The first woman to serve as the UN High Commissioner for Refugees, Sadako Ogata, has died in Tokyo at the age of 92, hailed by the UN Secretary-General on Tuesday as a “role model for people across the world.”
António Guterres said he was “deeply saddened” to hear of her passing: “Sadako Ogata set the standard for helping refugees: principled, compassionate, effective. She was fearless in her advocacy for people, humanitarian action and political solutions.”
“Mrs. Ogata was a visionary leader who steered UNHCR through one of the most momentous decades in its history, transforming the lives of millions of refugees and others devastated by war, ethnic cleansing and genocide”— UNHCR, the UN Refugee Agency (@Refugees) October 29, 2019
- @RefugeesChief Filippo Grandi pic.twitter.com/OHPx9ANYKa
As the first woman to lead the UN refugee agency, UNHCR, he said she had been “a pioneer in highlighting not only the impact of violence on women but the imperative of women’s involvement in solutions. Her contributions continued long after her service as High Commissioner, in particular in articulating the concept of human security.”
Ms. Ogata, a Japanese national, led the agency between 1991 and 2000, which was “one of the most momentous decades in its history”, said the current UNHCR chief, Filippo Grandi. She oversaw major emergency operations in response to crises in the former Soviet Union, Iraq, the Balkans – especially Bosnia – Somalia, the Great Lakes, and East Timor, “as well as helping millions of refugees return home in large-scale repatriation operations in Central America”, the agency noted.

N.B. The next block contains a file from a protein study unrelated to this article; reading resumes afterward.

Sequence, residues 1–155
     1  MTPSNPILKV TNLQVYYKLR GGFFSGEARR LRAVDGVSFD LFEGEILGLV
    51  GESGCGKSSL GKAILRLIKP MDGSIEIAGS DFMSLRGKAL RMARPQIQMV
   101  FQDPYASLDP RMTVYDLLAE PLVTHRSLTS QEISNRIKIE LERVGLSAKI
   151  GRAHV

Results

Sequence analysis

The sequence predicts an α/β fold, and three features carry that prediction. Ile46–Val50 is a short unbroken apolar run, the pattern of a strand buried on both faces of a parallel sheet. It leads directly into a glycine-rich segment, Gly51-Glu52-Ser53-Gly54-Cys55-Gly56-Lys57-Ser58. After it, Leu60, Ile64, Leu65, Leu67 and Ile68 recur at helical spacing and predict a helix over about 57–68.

Mr. Grandi described her as a “visionary leader” and “committed internationalist, and a friend to the United Nations throughout her life…We at UNHCR extend deepest condolences to Mrs Ogata’s son Atsushi and her daughter Akiko, to all her family and to the Government and people of Japan for their great loss.”
UNHCR said she had been a tireless advocate for international solidarity with refugees, remaining in close touch after leaving the top job, and had pioneered the notion of “human security” and the use of development aid to help solve displacement, in her role as President of JICA, the Japanese International Cooperation Agency.
The UN chief said she had left “a unique legacy and imprint on the UN Refugee Agency, as I witnessed upon assuming leadership of UNHCR a few years later. Many millions of people enjoy better lives and opportunities thanks to her solidarity and skillful work on their behalf. And the many people today who have been forcibly displaced from their countries and homes are better served because of her achievements.
I am grateful to have known Sadako Ogata as both colleague and friend, and I offer condolences to her family, to the people and Government of Japan, and to her many admirers around the world.”
Watch an edition of the UN's former interview programme, World Chronicle, with Ms. Ogata, from 2005, where she discusses her memoir looking back on her decade in charge of UNHCR: “The Turbulent Decade, confronting the refugee crises of the 1990s”.